A settlement more than five years ago of a bitter legal dispute — initiated by Ariane — over the use of the Rothschild name should have put the conflict to bed. But it has done little to prevent the brand from becoming a key weapon in the cut-throat competition for rich customers across Europe, the Middle East and Asia.

With over $100 billion in assets under management, Paris-based Rothschild & Co. is the smaller of the two, but it’s rapidly gaining ground by opening offices in the same playgrounds of the wealthy as its Swiss rival. For the first time in the firm’s history, pre-tax profit from wealth and asset management surpassed that from its advisory business in the first half of 2023. Already at the end of 2022, the Paris firm was closing in on its Swiss rival in terms of wealth assets.

Joining forces would give heft to the Rothschild banks, which are minnows set against global industry behemoths like Morgan Stanley and UBS Group AG or even Swiss private banks Julius Baer Group Ltd. and Banque Pictet & Cie SA.

“There is a need for consolidation, notably for small wealth managers due to the increase in costs and regulation,” Nicolas Payen, an analyst at Kepler Cheuvreux, said of the sector. “A rule for the industry now is that they need size.”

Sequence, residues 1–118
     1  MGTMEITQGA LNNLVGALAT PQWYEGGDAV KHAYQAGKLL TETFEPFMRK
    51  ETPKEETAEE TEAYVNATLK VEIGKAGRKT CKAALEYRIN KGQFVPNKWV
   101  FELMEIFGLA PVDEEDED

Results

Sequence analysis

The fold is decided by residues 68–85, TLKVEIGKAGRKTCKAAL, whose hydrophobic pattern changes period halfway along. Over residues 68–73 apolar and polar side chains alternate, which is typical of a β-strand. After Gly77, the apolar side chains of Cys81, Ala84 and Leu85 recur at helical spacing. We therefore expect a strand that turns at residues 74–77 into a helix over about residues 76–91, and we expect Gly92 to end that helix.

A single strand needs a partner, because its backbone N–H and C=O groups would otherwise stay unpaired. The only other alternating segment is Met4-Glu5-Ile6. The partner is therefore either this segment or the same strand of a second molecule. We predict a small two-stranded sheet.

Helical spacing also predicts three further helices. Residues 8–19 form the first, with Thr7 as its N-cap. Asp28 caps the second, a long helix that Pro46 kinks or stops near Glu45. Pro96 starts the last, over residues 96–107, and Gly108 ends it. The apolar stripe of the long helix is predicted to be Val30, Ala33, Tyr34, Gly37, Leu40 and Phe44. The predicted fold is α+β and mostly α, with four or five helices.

Ariane de Rothschild, chief executive officer of Edmond de Rothschild Holding SA, in London.

Baroness Ariane de Rothschild, the 58-year-old chief executive officer of the Swiss bank Edmond de Rothschild Group. She has repeatedly rejected any suggestion of a combination of the Swiss and French branches.

Photographer: Simon Dawson/Bloomberg

Alexandre de Rothschild, the 43-year-old seventh-generation scion, took over from his father David as executive chairman of Paris-based Rothschild & Co. in 2018.

Photographer: Domenic Steinmann

A joint Rothschild entity would still be small relative to the giants of investment banking and wealth management, but it would employ about 7,000 people in offices from Amsterdam and Los Angeles to Tokyo, with a strong presence in continental Europe. At end-2022, the combined firm would have had about $280 billion in assets under management, leapfrogging Lombard Odier and Bank J. Safra Sarasin AG, and inching ahead of Vontobel Holding AG.